Inappropriate Criminal Usage of The Internet Gambling in The US

Second, computer hackers or gambling operators may tamper with gambling software to manipulate games to their benefit. Unlike the physical world of highly regulated resort-destination casinos, assessing the integrity of Internet operators is quite difficult. Background checks for licensing in foreign jurisdictions are seldom as thorough as they are in the United States. Furthermore, the global dispersion of Internet gambling operations makes the vigilant regulation of the algorithms of Internet games nearly impossible.

Third, gambling on the Internet may provide an easy means for money laundering. Internet gambling provides anonymity, remote access, and encrypted data. 28 To launder money, a person need only deposit money into an offshore account, use those funds to gamble, lose a small percent of the original funds, then cash out the remaining funds. Through the dual protection of encryption and anonymity, much of this activity can take place undetected. In a study prepared for the Office of Science and Technology Policy and the Financial Crimes Enforcement Network of the Critical Technologies Institute, David A. Mussington and colleagues examined the potential for money laundering on the Internet. The study raises several essential concerns regarding the use of the Internet for money-laundering activities, including the lack of uniform international law and oversight or regulatory regime, the fluidity of funds crossing international borders, and the high degree of anonymity. 29

Whoever being engaged in the business of betting or wagering knowingly uses a wire communication facility for the transmission in interstate or foreign commerce of bets or wagers or information assisting in the placing of bets or wagers on any sporting event or contest, or for the transmission of a wire communication which entitles the recipient to receive money or credit as a result of bets or wagers, or for information assisting in the placing of bets or wagers, shall be fined under this title or imprisoned not more than two years, or both. 30

This section makes illegal the use of wire communications to place or assist with placing bets or wagers. However, ambiguity does make its appearance. The section of the statute immediately following the quoted passage exempts the use of a wire communication facility to report on, provide information for, or assist with the placing of bets or wagers “from a State or foreign country where betting on that sporting event or contest is legal into a State or foreign country which such betting is legal.” 31 The statute also outlines the obligation of communications carriers to discontinue providing services once notified of the illegal activity. 32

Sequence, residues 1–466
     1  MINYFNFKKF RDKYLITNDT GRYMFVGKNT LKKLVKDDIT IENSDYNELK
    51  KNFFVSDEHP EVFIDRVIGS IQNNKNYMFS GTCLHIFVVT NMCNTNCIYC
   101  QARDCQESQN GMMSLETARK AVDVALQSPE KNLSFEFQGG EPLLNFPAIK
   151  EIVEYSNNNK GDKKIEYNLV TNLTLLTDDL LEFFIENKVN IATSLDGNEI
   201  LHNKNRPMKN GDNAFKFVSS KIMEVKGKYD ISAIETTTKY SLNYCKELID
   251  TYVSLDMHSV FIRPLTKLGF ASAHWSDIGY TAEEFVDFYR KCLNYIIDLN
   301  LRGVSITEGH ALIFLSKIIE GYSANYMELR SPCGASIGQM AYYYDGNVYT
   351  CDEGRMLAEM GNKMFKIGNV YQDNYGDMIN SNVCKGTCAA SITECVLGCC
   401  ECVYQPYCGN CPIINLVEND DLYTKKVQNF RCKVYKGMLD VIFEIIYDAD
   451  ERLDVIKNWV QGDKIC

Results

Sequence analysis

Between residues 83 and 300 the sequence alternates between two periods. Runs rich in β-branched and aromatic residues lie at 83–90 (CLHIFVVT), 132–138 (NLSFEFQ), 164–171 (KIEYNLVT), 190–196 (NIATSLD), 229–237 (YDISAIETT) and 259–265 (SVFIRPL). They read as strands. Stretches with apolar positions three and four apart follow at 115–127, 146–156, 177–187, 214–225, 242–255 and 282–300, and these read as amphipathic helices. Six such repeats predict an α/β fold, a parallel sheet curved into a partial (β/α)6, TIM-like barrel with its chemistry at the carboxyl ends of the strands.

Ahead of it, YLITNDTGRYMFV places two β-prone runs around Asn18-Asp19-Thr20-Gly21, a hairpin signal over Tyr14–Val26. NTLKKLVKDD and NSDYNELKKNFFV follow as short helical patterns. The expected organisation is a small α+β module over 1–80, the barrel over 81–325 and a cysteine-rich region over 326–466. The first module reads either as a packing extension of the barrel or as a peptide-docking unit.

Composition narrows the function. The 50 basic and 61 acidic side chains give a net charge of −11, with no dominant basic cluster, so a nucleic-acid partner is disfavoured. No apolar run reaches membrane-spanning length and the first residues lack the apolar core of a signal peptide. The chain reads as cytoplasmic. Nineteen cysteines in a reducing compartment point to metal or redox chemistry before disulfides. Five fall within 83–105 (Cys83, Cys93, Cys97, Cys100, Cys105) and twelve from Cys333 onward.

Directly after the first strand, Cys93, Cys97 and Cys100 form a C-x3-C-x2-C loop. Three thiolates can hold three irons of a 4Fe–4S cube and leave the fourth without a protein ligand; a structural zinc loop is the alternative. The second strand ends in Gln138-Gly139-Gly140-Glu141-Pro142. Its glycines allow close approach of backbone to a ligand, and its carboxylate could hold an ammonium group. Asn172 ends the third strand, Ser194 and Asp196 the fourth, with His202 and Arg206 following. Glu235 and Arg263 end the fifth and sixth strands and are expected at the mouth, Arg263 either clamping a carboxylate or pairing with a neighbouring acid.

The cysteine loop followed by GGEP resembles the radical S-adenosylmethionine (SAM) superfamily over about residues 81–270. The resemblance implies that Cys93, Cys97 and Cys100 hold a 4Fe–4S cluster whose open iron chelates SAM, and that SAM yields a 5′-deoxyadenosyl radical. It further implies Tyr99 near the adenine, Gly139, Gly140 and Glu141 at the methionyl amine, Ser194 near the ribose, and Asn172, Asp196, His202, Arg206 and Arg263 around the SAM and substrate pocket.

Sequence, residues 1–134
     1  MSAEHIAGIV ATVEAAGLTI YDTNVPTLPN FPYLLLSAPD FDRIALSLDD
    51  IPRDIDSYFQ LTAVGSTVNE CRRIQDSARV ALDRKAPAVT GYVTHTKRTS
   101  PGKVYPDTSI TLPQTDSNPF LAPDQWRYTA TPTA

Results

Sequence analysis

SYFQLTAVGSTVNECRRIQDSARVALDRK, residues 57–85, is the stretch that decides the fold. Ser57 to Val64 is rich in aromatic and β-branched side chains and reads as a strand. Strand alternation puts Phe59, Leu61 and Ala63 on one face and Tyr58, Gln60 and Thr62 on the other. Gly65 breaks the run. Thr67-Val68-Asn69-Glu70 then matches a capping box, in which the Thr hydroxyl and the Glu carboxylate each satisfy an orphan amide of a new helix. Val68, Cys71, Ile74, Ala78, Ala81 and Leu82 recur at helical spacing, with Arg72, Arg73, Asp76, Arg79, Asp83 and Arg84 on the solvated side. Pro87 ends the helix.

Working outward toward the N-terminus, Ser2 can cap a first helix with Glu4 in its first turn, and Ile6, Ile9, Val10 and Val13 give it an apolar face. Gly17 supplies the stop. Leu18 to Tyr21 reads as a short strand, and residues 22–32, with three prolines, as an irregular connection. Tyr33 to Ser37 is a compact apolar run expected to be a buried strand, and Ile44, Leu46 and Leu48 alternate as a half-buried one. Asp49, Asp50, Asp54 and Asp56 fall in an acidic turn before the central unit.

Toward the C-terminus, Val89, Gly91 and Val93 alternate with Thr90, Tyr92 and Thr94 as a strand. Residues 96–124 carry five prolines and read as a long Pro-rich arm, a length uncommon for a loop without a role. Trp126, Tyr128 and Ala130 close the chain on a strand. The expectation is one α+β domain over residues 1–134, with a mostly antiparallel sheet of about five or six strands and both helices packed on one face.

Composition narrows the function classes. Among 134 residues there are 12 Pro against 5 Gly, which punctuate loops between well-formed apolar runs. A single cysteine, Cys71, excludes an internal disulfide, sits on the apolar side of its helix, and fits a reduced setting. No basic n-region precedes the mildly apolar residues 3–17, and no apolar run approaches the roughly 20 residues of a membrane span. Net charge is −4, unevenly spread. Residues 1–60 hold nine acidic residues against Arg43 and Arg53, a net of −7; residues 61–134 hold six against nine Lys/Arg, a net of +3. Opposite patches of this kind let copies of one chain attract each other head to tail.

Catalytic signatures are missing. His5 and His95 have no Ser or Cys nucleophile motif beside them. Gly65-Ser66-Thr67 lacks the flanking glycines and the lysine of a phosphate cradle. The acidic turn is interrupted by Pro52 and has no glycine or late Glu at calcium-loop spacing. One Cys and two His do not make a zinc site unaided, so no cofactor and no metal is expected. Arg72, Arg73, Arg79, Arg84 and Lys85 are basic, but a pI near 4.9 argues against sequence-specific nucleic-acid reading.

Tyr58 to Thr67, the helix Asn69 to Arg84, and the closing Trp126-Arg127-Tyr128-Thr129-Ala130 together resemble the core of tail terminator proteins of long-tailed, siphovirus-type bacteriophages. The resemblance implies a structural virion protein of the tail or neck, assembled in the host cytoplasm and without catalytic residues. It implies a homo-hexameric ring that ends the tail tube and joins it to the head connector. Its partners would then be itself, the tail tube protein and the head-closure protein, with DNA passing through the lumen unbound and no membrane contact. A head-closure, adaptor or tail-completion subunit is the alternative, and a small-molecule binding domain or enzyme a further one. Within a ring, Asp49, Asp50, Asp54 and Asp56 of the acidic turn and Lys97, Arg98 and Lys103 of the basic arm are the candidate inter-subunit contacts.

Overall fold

The applicability of 18 U. S. C. § 1084 to Internet gambling has given rise to a number of disputes over the past few years. For example, does the phrase “wire communications” include the Internet? Does the specific mention of “sports wagering” and “contests” include all types of gambling on the Internet? When placing a bet on the Internet, where does jurisdictional authority reside?

28 Richard Harms, Ph. D., PriceWaterhouseCoopers, Director in Investigative Services, Remarks at the Second International Symposium on Internet Gambling Law & Management (Nov. 30, 1998). Most messages, especially those containing sensitive information such as financial data, use encryption, a process of encoding messages, thereby preventing access of information by unintended readers. The most commonly used encryption language on the Internet is the Secure Socket Layer (SSL) protocol. This encoded language can layer itself on top of other protocols, such as TCP/ IP. For further discussion, see Internet Security and Secure Servers at http: rho. pmel. noaa. gov/ help/ HELPSECURITY. HTML. 29 David A. Mussington, et al., “Exploring Money Laundering Vulnerabilities Through Emerging Cyberspace Technologies: A Caribbean-Based Exercise.” STATE OF THE LAW: THE APPLICABILITY OF 18 U. S. C. § 1084 Presently, the most widely applied federal statute addressing gambling on the Internet is 18 U. S. C. § 1084. According to this statute, 30 Wire Communications Act of 1961, 18 U. S. C. § 1084 a (1998). 31 Ibid. 32 Wire Communications Act of 1961, 18 U. S. C. § 1084 a (1998). 6